Doctors often suggest taking acetaminophen for low back pain relief. But according to a new study, the popular painkiller isn’t any more effective in alleviating an aching back than letting the pain naturally subside.
A study published Thursday in The Lancet found patients who took acetaminophen for low back pain had the same recovery time as those who took a placebo, or sugar pill. The study was partially funded by GlaxoSmithKline, a company that manufactures drugs containing acetaminophen.
Researchers in Australia looked at 1,643 patients with acute low back pain. Each was assigned to a different group for the experiment. The first group of 550 patients took six 665-milligram tablets of acetaminophen a day as well as one to two placebo tablets.
A second group of 546 patients took six placebo tablets a day and one to two 500-milligram tablets of acetaminophen as needed. The third group took all placebos.
The study authors found no difference in recovery time across all three groups, suggesting that acetaminophen is an ineffective treatment for low back pain.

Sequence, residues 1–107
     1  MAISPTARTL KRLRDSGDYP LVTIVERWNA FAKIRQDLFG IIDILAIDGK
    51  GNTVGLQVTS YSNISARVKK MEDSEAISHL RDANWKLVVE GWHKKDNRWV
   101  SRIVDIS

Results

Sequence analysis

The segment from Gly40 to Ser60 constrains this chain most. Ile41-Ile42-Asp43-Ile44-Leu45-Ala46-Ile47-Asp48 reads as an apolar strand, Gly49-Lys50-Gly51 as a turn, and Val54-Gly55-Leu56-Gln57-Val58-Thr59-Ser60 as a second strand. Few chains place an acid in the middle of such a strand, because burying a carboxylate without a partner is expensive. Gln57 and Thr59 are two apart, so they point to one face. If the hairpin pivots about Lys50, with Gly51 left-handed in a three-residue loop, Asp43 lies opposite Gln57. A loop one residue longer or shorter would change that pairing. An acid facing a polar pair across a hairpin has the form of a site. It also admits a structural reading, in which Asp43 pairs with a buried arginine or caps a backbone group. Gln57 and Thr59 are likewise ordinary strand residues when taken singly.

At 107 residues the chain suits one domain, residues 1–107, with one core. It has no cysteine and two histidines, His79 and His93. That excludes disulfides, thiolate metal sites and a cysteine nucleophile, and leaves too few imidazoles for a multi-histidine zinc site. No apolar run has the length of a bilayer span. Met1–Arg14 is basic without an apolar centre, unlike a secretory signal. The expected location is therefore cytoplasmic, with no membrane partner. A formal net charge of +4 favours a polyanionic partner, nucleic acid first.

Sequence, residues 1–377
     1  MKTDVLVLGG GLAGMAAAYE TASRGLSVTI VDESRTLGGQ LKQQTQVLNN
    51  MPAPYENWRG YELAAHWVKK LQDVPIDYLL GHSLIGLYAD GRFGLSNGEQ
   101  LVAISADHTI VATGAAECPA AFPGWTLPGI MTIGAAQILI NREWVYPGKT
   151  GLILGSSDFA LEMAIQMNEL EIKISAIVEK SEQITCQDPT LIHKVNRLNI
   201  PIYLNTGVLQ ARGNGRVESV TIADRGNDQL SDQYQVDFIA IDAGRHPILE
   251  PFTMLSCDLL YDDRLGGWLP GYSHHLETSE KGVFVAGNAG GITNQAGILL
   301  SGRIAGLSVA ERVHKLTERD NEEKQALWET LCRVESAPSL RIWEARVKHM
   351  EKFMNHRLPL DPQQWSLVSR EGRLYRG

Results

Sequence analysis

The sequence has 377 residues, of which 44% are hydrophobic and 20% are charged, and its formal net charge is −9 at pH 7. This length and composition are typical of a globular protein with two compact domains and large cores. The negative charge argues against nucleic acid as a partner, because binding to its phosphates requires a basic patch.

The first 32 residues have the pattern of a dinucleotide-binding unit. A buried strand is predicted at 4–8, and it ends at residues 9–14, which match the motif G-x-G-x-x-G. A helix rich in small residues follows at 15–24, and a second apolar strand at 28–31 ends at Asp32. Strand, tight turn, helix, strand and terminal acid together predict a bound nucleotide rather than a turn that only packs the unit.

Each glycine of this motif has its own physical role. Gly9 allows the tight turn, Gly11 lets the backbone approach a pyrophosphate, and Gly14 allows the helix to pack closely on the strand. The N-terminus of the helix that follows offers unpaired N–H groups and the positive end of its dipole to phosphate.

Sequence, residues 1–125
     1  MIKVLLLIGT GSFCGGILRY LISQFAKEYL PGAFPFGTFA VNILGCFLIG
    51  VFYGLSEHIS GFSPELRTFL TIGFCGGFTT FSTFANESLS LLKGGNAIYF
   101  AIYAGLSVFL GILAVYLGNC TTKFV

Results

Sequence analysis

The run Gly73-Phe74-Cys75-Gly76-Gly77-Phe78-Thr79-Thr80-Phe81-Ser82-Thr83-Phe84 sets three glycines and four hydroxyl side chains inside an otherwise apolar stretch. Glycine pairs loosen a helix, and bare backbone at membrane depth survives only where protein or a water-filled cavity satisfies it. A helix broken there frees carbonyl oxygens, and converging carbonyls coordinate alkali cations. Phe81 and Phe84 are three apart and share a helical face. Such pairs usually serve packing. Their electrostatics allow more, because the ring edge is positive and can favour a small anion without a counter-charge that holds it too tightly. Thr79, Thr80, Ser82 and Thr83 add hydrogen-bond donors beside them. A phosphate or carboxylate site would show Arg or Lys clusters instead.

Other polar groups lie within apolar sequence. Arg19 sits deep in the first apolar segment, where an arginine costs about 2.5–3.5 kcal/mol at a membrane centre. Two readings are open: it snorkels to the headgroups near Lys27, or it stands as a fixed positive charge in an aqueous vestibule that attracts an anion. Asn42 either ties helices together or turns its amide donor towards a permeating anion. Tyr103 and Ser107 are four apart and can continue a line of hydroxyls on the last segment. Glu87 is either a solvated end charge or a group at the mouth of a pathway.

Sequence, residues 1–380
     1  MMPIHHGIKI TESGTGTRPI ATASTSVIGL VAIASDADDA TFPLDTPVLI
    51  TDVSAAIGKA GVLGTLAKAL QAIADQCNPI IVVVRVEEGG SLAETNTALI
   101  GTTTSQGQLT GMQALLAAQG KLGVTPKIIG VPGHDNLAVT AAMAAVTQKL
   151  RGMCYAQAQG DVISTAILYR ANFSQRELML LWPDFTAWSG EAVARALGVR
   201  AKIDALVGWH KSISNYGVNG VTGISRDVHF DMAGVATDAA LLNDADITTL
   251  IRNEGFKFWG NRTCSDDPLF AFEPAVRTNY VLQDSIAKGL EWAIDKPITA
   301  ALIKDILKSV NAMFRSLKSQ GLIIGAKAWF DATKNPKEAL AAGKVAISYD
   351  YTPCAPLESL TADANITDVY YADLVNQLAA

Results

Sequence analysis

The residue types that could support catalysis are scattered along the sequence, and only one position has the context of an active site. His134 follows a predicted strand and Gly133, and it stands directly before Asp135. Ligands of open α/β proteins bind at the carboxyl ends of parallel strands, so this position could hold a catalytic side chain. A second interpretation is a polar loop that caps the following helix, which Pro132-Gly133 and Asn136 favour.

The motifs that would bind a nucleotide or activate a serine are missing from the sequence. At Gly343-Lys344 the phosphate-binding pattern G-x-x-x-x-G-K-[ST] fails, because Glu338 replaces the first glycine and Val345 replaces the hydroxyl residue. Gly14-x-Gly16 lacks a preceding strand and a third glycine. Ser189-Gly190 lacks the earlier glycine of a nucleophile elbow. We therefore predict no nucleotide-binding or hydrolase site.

According to the National Institutes of Health, low back pain is the most common cause of job-related disability. Currently, the NIH recommends that people experiencing low back pain take over-the-counter pain relievers such as acetaminophen or ibuprofen. The NIH also advises these patients to stop normal physical activity and apply heat or ice to the affected area.
Despite the results of the study, scientists caution that acetaminophen as a low back pain treatment shouldn’t be dismissed until further research is conducted. Since the painkiller is effective for treating toothaches and pain after surgery, the study authors write that further research is needed to understand why acetaminophen wasn’t effective in treating the study participants' pain.
Previous studies comparing ibuprofen and acetaminophen suggest neither is more beneficial in treating low back pain.